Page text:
Before you start
The actual work involved in painting a door typically amounts
to three to five hours, depending on the condition of the door
and how fussy you are. But
add in the drying time and it's
a full-day project. So if you're
painting a door you can't live
without—like a bathroom or
exterior door—get started first
thing in the morning so it can
be back in service by day's
While you're picking a paint
color, also think about sheen:
With a flat finish, scuff marks
and handprints are hard to wipe away. High gloss is easy to
clean but accentuates every little flaw, so your prep and paint
job have to be perfect. Satin and semigloss are good compromise
choices. Also check the operation of the door. If it rubs
against the jamb or drags on the carpet, now's the time to sand
or plane the edges. If you have several doors that need painting,
start with the least prominent one. It's better to make
learning mistakes on the inside of a closet door than on your
If your home was built
before 1979, check the paint
for lead before you sand. For
more information, go to: hud.gov/offices/lead
Pros often paint doors in place. But from prep to painting,
you'll get better results if you remove the door. Working in your
garage, shop or basement, you can control lighting and drying
conditions better. And laying the door flat minimizes runs in
the paint job. Here's what to do after you remove the door:
- Clean the door with a household cleaner. Almost any cleaner
will do, as long as it cuts grease. Areas around doorknobs are
especially prone to greasy buildup.
- Remove all the door hardware to get a neater paint job and
save time. If you're dealing with more than one door, avoid
hardware mix-ups by labeling plastic bags that will hold the
hardware for each door.
- Fill dents and holes with a sandable filler such as MH Ready Patch. You'll probably have to fill deep dents twice to compensate
- Remove old paint from the hardware. Start with a product
intended to remove paint splatter such as Goof Off Pro Strength Remover or Goo Gone Painter's Pal, both available through our affiliation with Amazon.com. You can use paint strippers,
but they may also remove clear coatings from the hardware or
damage some types of finishes.
If your door is in good shape, all it needs is a light sanding with
sandpaper or a sanding sponge (180 or 220 grit). That will
roughen the surface a little and allow the primer to adhere
better. But most likely, you'll also need to smooth out chipped
paint and imperfections from previous paint jobs. This is usually
the most time-consuming, tedious part of the project. Here
are some tips for faster,
- Paint often sticks to sandpaper,
clogging the grit and
making it useless. So be sure
to check the label and buy
sandpaper intended for
paint. You may still get some
clogging, but you'll get less.
This goes for sponges and other abrasives too.
- Start with 120 or 150 grit. You can switch to coarser paper
(such as 80 grit) on problem areas, but be sure to follow up with
finer grit to smooth out the sanding scratches.
- On flat areas, a hard sanding block will smooth the surface
much better than sponges or other soft-backed abrasives
- Try a finishing or random-orbit sander on flat areas. It might
save you tons of time. Then again, the sandpaper may clog
immediately from heat buildup. It depends on the type and age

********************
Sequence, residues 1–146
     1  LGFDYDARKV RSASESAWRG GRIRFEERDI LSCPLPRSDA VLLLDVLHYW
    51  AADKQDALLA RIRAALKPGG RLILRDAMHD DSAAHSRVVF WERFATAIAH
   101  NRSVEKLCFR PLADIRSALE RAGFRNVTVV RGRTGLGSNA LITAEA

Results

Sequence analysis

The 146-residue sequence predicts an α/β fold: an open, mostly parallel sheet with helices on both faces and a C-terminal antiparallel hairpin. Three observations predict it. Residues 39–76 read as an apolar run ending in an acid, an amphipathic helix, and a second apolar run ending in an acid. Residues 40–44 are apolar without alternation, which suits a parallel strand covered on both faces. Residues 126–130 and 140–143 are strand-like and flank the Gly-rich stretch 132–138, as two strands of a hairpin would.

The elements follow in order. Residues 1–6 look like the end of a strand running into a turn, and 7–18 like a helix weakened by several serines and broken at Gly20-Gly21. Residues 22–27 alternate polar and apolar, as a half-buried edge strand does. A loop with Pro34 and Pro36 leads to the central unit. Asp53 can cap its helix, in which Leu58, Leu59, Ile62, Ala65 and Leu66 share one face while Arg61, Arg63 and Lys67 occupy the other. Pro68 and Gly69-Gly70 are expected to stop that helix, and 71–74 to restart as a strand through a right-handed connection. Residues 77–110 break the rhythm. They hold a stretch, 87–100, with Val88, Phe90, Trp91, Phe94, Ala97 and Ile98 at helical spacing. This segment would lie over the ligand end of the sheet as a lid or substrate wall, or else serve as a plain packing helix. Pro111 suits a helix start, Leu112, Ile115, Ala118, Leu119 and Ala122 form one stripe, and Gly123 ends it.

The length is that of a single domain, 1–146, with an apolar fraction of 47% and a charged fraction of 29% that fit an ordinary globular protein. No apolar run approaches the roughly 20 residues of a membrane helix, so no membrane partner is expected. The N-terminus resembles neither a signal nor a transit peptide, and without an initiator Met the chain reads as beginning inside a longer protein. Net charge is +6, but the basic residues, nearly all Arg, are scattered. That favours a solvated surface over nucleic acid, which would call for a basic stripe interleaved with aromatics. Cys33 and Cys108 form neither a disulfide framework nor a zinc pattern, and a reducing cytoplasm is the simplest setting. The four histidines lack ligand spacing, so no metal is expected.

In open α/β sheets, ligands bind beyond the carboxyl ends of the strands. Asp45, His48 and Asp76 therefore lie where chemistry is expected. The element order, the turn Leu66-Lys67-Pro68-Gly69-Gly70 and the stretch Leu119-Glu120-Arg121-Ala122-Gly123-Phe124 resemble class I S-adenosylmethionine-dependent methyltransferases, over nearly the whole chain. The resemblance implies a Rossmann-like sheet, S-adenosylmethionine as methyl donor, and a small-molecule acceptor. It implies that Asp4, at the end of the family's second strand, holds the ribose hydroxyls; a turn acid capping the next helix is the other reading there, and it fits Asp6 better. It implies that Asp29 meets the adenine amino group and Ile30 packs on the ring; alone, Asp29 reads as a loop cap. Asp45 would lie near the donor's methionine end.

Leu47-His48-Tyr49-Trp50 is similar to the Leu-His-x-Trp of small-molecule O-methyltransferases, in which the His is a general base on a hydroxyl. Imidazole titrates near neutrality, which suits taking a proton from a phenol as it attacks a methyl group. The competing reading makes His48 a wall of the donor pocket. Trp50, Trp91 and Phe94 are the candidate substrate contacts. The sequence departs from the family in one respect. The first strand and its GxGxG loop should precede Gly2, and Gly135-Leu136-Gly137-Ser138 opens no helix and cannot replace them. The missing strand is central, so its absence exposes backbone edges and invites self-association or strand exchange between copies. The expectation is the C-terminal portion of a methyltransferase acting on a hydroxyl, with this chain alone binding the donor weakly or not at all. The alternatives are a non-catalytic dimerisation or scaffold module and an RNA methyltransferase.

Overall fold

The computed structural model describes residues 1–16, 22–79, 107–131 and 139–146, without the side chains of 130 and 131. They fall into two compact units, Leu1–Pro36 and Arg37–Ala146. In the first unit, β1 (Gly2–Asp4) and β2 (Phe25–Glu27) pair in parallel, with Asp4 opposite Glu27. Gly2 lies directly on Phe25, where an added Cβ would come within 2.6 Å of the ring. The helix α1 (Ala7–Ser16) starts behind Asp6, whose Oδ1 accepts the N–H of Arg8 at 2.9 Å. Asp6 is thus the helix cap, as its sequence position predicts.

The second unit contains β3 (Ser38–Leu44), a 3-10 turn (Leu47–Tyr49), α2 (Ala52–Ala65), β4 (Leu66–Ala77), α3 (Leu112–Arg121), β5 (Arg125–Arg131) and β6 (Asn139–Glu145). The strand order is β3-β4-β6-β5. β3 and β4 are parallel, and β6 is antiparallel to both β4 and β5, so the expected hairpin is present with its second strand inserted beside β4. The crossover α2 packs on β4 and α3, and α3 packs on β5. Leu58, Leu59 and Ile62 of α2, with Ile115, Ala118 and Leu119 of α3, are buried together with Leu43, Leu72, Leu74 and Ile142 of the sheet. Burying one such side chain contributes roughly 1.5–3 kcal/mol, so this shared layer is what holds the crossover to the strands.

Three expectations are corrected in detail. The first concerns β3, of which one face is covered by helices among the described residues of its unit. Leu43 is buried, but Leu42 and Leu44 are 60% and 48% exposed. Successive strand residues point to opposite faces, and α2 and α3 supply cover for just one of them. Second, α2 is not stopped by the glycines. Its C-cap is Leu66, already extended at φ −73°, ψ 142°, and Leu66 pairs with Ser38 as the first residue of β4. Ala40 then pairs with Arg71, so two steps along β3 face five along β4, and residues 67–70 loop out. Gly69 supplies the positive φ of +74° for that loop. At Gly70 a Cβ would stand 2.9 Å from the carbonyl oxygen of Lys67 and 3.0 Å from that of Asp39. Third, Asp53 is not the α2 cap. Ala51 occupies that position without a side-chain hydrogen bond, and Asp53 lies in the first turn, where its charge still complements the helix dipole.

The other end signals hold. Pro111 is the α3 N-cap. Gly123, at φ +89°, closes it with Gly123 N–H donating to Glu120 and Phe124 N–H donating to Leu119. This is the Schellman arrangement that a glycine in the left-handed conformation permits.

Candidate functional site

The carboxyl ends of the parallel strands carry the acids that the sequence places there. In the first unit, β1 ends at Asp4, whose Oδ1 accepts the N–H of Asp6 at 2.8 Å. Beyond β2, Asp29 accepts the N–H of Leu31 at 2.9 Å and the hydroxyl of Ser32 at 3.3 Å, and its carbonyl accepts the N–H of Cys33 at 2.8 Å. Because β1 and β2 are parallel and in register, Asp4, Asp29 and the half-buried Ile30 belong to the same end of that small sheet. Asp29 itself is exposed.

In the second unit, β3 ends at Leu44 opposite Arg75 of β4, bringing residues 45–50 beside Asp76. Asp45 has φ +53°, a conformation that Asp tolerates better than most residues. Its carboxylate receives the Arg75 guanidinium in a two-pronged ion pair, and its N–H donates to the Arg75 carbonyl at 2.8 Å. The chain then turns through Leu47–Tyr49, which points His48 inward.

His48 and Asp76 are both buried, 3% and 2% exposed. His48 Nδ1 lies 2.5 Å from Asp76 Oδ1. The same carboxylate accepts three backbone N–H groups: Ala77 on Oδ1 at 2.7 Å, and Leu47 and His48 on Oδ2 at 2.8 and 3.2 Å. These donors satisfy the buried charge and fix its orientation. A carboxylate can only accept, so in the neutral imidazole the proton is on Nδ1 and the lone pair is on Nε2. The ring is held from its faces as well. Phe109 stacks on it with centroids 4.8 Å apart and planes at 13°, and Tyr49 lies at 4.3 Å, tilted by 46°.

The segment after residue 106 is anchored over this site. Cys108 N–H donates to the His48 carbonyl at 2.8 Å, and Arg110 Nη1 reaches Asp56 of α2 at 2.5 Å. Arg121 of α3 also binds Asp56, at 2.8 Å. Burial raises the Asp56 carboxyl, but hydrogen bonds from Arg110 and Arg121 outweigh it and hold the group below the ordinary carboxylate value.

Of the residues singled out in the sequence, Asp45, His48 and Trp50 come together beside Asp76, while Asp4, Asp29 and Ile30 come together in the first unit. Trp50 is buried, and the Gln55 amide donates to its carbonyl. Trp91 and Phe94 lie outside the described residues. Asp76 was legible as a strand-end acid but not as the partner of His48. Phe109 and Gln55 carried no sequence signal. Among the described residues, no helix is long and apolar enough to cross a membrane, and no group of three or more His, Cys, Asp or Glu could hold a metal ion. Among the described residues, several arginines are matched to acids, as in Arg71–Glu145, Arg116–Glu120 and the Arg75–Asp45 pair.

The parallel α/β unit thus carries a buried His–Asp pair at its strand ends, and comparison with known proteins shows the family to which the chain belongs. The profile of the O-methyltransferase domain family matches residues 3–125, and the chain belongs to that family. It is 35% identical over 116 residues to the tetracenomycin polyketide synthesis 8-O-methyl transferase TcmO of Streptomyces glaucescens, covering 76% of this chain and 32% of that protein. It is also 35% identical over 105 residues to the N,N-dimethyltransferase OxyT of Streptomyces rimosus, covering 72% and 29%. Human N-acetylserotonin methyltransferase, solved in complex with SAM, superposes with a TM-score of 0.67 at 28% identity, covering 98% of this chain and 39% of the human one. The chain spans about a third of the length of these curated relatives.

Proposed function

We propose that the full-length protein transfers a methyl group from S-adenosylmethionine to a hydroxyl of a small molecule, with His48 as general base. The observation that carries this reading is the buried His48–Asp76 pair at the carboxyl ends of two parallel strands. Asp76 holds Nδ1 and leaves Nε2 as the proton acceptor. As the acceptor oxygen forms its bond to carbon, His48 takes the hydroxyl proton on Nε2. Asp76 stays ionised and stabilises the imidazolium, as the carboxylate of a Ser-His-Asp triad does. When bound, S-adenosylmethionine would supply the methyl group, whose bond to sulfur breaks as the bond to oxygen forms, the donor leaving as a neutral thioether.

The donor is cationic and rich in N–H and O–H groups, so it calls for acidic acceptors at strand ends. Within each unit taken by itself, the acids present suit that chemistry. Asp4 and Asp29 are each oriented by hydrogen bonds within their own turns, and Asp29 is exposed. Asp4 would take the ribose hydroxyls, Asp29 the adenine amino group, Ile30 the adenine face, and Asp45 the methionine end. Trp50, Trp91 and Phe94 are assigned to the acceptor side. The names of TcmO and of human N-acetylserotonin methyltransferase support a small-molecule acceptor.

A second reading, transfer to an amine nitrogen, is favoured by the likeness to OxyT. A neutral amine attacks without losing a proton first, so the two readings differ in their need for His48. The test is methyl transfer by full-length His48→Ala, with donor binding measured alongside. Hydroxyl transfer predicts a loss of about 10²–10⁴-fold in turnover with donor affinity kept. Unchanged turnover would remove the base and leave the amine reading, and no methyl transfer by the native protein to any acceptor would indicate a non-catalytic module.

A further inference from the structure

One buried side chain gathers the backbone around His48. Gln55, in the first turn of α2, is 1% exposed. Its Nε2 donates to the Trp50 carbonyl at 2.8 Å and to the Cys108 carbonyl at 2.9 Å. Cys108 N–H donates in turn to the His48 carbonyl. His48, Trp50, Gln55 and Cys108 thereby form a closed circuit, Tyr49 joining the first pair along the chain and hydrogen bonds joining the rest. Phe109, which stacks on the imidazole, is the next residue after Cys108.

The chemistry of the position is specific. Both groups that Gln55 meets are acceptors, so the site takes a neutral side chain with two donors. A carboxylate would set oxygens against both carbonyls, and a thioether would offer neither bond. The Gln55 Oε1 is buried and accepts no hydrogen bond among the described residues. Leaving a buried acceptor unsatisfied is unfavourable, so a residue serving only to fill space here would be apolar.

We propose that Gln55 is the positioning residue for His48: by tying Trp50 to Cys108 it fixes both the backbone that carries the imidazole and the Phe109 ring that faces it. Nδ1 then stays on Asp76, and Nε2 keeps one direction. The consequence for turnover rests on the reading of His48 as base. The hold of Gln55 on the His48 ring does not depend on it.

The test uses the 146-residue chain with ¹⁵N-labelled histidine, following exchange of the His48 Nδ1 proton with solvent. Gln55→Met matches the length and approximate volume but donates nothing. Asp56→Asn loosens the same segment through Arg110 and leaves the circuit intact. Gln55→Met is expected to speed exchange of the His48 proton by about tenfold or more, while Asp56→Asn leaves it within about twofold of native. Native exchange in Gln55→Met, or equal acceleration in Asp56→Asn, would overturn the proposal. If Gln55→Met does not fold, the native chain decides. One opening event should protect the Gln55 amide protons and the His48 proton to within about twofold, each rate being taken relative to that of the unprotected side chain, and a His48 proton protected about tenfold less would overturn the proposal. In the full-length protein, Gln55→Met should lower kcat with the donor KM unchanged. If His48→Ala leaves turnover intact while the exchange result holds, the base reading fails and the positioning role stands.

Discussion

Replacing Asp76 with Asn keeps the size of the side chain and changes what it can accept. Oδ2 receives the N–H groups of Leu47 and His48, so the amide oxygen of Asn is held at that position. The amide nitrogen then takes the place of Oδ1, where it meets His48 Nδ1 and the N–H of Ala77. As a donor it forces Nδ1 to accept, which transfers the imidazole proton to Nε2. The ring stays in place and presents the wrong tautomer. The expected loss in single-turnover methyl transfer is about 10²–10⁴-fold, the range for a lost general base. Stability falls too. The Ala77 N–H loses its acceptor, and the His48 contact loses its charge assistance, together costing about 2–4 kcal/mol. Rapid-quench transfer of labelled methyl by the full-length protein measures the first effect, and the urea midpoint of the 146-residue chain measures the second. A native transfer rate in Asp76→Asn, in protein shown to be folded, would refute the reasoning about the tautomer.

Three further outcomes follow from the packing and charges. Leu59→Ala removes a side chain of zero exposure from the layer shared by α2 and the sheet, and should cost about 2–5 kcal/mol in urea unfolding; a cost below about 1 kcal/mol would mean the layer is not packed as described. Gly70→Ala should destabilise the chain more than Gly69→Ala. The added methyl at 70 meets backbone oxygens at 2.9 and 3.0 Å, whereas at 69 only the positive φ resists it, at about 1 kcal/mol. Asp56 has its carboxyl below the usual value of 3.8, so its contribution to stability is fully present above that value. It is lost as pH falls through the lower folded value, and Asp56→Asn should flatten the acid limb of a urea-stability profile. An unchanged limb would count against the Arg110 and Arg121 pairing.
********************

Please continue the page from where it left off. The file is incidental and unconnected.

of the paint.
- Buy a collection of sanding sponges and pads for the shaped
areas. Through trial and error, you'll find that some work better
than others on your profiles.
- Inspect your work with low-angle lighting (see Photo 4).
Water-Based Alkyd is Best
Some paints show brush marks, ridges
and roller stipple no matter how skillful
or careful you are. Others go on
smoothly and then level out beautifully,
even if you're not a master painter.
If you want a smooth finish, choose a paint designed for that. Some paints,
even good-quality paints, just aren't formulated for smoothness. Smooth
paints are usually labeled “enamel” or “door and trim.” But the label alone
doesn't tell you enough; some brands of “enamel” are much better than
others. Advice from the store staff, and the price, are the best indicators.
Super-smooth paints often cost $25 to $30 per quart! But it's worth an extra 10 bucks per door to get first-class results.
Among the paints we've used, one category stands out for smoothness:
water-based alkyds. These paints dry slowly for extra working time and level
out almost as well as traditional oil-based alkyds. After applying them with
a high-quality roller, you can usually skip the brush-out step shown in Photos 7
and 9 and still get perfect results. Cleanup is as easy as with any other
water-based paint. The disadvantages of water-based alkyds are a very long
wait before recoating (16 to 24 hours) and a high price tag. Here are two we've
used: Benjamin Moore Advance Waterborne Interior Alkyd and Sherwin-Williams ProClassic Interior Waterbased Acrylic-Alkyd Enamel. To find a
dealer in your area, go to: benjaminmoore.com or sherwin-williams.com.
Tips for a perfect workspace
After the messy job of sanding is done, set the door aside and
prep your workspace. For priming and painting, you want a
work zone that's well lit and clean. Sawdust on your workbench
will end up on brushes; airborne dust will create whiskers
on the paint. The conditions in your work area should
allow paint to dry slowly. Slower drying means more time for
you to smooth the paint before it becomes gummy and more
time for the paint to level itself. Here's how to prep your space:
- Clean everything. Vacuum work surfaces and sweep the floor.